4. Note something else. None of these conditions favorable to classical diplomacy (including appeasement) prevailed in Europe before 1649 --- in the Middle Ages, most wars were between emerging royal despots and the local barons, plus Church-State conflicts, followed by the Renaissance --- any more than they applied in the New World or Africa when Spaniards, Portuguese, Britons, French, and Dutch fought, conquered, destroyed, or enslaved large numbers of people in the period between 1500 1865 or so. Only briefly, after 1815, did the balance of power jostling return for about four decades or so, interrupted abruptly and forever, it seems, by national revolutions and ideological explosions.

Only then did classical diplomacy of the sort that entailed appeasement make much sense.



Replies: 1 Comment

Dear Prof. Gordon,

My name is Joe Ramos and I am in your Political Science 121 class. I play golf for UCSB and we are currently finishing up our season. I have missed the last three days of lectures due to two golf tournaments. I just got back from a tournament in Arizona and was reviewing some dates and realized there is a midterm tomorrow. I have no idea what the midterm is on because I have not been able to get notes from my friend in the class. I was hoping you would consider letting me take the midterm on Friday or next Monday or Tuesday to give me a chance to get the notes and study the material. If you need documentation my coach would be more than willing to write you a letter confirming my participation and dates of the tournaments. Please e-mail me or call...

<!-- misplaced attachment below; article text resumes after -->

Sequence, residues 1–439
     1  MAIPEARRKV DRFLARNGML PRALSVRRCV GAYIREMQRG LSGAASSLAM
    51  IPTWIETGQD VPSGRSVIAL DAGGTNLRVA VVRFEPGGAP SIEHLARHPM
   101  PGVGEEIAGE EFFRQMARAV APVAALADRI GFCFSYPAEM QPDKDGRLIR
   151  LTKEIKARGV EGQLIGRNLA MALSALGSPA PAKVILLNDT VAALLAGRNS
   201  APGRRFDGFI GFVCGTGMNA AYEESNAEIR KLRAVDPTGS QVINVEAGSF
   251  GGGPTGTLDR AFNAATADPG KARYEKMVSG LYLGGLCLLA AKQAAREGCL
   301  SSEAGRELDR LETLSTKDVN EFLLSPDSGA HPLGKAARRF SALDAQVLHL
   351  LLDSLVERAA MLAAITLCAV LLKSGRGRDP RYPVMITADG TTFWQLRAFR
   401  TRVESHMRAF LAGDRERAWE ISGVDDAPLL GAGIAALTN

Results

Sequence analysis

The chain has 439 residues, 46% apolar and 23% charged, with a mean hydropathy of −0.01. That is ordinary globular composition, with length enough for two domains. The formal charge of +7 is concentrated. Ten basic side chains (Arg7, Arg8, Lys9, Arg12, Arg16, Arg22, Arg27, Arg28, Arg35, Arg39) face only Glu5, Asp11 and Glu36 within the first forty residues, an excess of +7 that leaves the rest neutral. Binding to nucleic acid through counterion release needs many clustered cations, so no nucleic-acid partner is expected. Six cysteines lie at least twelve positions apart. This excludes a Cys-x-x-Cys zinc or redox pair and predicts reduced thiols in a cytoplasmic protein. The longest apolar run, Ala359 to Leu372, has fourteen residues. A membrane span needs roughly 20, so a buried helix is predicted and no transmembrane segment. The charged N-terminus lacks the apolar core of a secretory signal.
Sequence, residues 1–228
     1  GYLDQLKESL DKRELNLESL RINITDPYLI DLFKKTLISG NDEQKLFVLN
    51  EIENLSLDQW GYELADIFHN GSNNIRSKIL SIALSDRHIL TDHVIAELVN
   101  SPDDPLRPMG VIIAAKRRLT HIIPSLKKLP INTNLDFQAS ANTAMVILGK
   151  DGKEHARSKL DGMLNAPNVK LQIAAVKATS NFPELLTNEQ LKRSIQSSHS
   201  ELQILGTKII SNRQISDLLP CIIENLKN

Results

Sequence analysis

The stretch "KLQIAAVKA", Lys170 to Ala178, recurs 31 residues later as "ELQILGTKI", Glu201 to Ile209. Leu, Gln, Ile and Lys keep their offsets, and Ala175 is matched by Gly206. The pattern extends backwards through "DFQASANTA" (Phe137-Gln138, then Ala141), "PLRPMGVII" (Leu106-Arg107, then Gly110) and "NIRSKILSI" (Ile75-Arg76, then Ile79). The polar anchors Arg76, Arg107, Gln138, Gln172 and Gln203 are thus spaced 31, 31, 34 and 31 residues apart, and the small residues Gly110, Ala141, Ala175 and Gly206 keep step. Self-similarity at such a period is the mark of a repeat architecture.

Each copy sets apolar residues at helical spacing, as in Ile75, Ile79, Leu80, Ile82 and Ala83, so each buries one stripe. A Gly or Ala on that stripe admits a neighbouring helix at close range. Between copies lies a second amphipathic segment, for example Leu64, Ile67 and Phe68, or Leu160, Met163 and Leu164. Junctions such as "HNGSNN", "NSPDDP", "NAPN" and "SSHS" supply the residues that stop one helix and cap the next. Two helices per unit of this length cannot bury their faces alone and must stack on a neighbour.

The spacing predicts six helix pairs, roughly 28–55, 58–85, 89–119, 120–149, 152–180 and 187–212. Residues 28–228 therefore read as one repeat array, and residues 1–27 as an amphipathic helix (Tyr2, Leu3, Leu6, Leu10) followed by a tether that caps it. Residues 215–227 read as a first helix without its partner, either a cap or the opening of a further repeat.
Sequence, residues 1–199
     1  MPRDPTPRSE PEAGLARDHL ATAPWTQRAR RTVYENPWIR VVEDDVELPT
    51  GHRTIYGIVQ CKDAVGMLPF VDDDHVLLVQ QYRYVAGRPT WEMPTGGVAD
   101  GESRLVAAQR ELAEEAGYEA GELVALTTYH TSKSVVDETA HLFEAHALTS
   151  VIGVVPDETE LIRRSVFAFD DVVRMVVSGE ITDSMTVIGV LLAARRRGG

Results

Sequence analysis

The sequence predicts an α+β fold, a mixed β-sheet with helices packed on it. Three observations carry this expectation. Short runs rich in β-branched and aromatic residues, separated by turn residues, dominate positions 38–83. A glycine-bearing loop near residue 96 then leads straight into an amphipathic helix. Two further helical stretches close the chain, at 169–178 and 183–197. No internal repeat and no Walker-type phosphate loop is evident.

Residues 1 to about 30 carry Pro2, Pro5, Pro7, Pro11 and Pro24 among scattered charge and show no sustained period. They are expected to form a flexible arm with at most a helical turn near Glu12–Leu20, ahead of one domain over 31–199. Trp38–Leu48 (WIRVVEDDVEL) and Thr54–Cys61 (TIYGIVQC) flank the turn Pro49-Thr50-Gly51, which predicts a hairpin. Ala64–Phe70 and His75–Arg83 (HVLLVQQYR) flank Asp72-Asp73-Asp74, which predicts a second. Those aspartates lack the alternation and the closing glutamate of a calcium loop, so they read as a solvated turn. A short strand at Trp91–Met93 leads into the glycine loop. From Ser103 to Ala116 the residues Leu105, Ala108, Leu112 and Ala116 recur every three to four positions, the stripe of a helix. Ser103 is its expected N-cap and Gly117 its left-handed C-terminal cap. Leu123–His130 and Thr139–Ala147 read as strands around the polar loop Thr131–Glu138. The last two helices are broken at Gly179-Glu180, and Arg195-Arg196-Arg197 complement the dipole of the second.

Thank you,

Joe Ramos

joeyramos17@hotmail.com 805-680-6849

Posted by Joseph Ramos @ 04/14/2004 10:21 PM PST